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By Jessica Wee

With borders reopening and international trading picking up, some of you must be researching ways to make your Ringgit/Dollar stretch further.

Let me share what my former clients would do when it comes to converting their base currency into foreign currencies (FX).

If you are not rushing for a trip, willing to take some risks and looking for yields in FX, you can consider a dual currency investment aka DCI.

You will need to have access to this investment through your local banks.

Mind you, there is quite a heap of paperwork to sign off before you’re allowed to trade in DCI as it is a non-principal protected financial product(1).

So what is DCI?

This investment product combines two financial instruments namely FX Options (derivatives) and Deposits (non-derivatives) that can provide higher interest rates than conventional deposits.

It is suitable for investors that have exposure in two currencies and looking to earn a yield.

Typically you need to have a base currency eg: USD and an alternative currency eg: GBP. You choose the Base Currency, which is expected to depreciate against the Alternative Currency. The interest rate level along with the strike rate at which the Base Currency may be converted into the Alternate Currency is agreed at the outset of the investment. Payment schedules will also be in the contract note.

How can the rates work to your advantage?

If you are always investing your money in a time deposit (aka fixed deposit), you need to consider DCI as it will give you a higher interest rate as long as you are comfortable holding the alternate currency if a conversion happens. Shorter tenor ie 1 or 2 weeks will usually give you the highest yield.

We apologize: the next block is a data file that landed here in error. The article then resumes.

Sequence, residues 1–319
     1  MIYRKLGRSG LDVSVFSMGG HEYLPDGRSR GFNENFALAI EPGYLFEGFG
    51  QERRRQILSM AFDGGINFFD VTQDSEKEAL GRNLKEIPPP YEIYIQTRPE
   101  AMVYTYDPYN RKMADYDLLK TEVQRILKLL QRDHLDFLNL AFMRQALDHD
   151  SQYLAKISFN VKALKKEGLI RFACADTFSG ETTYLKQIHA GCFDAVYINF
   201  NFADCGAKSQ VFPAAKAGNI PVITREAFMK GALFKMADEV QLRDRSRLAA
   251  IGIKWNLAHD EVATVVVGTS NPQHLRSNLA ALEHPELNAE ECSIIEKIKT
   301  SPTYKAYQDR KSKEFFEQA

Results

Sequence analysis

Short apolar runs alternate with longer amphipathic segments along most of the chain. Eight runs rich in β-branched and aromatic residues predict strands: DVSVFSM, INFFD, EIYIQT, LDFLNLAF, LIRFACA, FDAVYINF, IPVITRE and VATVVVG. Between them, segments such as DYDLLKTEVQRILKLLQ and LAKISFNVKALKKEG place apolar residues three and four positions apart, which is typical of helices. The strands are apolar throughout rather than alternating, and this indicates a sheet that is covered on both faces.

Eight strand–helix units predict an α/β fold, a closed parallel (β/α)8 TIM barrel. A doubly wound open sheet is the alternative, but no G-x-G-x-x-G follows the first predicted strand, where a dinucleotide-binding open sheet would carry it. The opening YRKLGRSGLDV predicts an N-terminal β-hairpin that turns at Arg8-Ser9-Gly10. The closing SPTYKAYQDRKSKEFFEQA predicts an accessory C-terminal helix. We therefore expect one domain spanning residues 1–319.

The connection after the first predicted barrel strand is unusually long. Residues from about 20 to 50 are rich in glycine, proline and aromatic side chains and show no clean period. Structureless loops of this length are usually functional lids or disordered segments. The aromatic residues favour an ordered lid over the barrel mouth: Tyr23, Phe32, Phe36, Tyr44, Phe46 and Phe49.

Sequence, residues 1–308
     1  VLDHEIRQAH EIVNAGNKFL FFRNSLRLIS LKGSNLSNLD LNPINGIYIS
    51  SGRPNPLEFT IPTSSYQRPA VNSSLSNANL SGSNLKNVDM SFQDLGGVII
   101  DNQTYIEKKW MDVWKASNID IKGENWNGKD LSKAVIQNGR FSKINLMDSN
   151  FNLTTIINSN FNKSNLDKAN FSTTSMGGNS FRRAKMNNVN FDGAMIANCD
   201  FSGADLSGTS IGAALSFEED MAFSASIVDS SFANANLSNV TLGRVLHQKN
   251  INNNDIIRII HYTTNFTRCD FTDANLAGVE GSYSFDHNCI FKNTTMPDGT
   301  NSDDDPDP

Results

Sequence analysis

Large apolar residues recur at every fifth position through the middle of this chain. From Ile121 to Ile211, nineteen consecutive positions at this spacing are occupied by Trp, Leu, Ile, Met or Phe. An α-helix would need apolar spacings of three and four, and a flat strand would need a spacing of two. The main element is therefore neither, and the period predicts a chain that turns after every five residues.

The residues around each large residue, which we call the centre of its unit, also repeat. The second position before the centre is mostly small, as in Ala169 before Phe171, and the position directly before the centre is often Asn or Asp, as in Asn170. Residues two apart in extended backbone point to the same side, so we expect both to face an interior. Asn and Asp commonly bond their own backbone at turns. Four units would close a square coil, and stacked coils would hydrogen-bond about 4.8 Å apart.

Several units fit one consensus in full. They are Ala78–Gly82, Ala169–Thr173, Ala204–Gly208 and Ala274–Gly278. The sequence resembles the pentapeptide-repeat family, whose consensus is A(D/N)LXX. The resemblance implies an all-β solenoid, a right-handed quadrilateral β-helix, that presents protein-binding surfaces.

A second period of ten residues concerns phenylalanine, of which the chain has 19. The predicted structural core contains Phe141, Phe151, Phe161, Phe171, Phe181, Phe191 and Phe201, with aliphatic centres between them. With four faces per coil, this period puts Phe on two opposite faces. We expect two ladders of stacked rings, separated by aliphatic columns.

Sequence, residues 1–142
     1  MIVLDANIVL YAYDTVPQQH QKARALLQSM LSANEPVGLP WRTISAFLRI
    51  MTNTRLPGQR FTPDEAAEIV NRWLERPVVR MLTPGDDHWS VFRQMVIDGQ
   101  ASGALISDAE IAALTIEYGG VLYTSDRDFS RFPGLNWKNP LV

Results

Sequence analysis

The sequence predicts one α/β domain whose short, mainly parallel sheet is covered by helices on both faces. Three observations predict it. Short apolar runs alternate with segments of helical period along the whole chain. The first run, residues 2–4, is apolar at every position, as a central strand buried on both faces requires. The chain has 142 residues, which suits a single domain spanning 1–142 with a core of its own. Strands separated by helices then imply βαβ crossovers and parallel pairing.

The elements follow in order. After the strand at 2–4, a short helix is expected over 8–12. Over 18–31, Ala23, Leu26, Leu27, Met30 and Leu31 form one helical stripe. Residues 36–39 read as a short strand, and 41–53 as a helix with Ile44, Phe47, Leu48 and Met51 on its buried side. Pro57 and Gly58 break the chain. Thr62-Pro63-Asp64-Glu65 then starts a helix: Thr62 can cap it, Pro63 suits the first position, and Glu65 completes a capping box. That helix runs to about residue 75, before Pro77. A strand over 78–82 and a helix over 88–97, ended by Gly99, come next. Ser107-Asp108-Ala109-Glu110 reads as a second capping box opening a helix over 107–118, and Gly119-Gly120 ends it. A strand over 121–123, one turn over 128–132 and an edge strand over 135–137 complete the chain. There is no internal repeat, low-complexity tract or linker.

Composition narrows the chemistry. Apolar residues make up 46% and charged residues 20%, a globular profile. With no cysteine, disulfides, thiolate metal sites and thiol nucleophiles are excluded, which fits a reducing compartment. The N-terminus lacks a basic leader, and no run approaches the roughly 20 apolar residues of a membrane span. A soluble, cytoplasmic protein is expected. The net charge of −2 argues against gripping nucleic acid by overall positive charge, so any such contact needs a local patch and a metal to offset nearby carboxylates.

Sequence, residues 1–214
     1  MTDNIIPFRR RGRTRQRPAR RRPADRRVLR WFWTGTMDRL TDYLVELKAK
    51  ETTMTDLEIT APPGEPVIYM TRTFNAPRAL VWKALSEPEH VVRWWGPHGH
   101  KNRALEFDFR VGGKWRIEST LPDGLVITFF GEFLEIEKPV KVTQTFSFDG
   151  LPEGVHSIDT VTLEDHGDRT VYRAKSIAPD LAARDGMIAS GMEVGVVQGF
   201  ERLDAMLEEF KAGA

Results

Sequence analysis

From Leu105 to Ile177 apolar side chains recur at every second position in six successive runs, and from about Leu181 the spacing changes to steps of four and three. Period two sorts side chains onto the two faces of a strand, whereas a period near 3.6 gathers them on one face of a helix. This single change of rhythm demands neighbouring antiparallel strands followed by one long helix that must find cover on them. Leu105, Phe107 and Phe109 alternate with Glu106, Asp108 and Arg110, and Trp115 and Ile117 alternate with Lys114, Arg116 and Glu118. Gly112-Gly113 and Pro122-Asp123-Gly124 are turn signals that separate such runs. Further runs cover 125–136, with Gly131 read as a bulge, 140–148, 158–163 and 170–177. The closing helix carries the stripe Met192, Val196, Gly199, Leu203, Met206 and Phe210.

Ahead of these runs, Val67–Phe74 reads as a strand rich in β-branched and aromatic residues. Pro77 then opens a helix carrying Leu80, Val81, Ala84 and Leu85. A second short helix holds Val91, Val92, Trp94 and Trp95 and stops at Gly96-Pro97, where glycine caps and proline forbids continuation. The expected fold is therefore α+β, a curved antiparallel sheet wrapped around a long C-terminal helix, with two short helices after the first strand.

Eg: You hold currency X and you want to change it to currency Y. At the money changer, the rate is 3.00. Current bank rate is 2.99. When you invest in DCI, you can choose to get currency Y at 2.97 while being paid a guaranteed interest that is high!

If conversion happens, you will get currency Y at 2.97 with interest. If the conversion does not happen, you will continue to hold currency X while being paid interest.

The Risks

The risk is that the investment may still need to be converted back to the home currency at a future date with a less favorable exchange rate. The investor can choose to hold these funds in the foreign currency in hopes that the exchange rate will eventually move in their favor, or exchange them immediately, perhaps at a loss, to free up the funds for future trades.

The minimum investment is usually ~USD12,000 depending on the bank’s policy.

1. Non-Principal Protected Note Securities (NPPNs) are products that allow clients to customize return to suit their investment needs. Traditional equity investments provide full exposure to the market, whether the performance is positive or negative.

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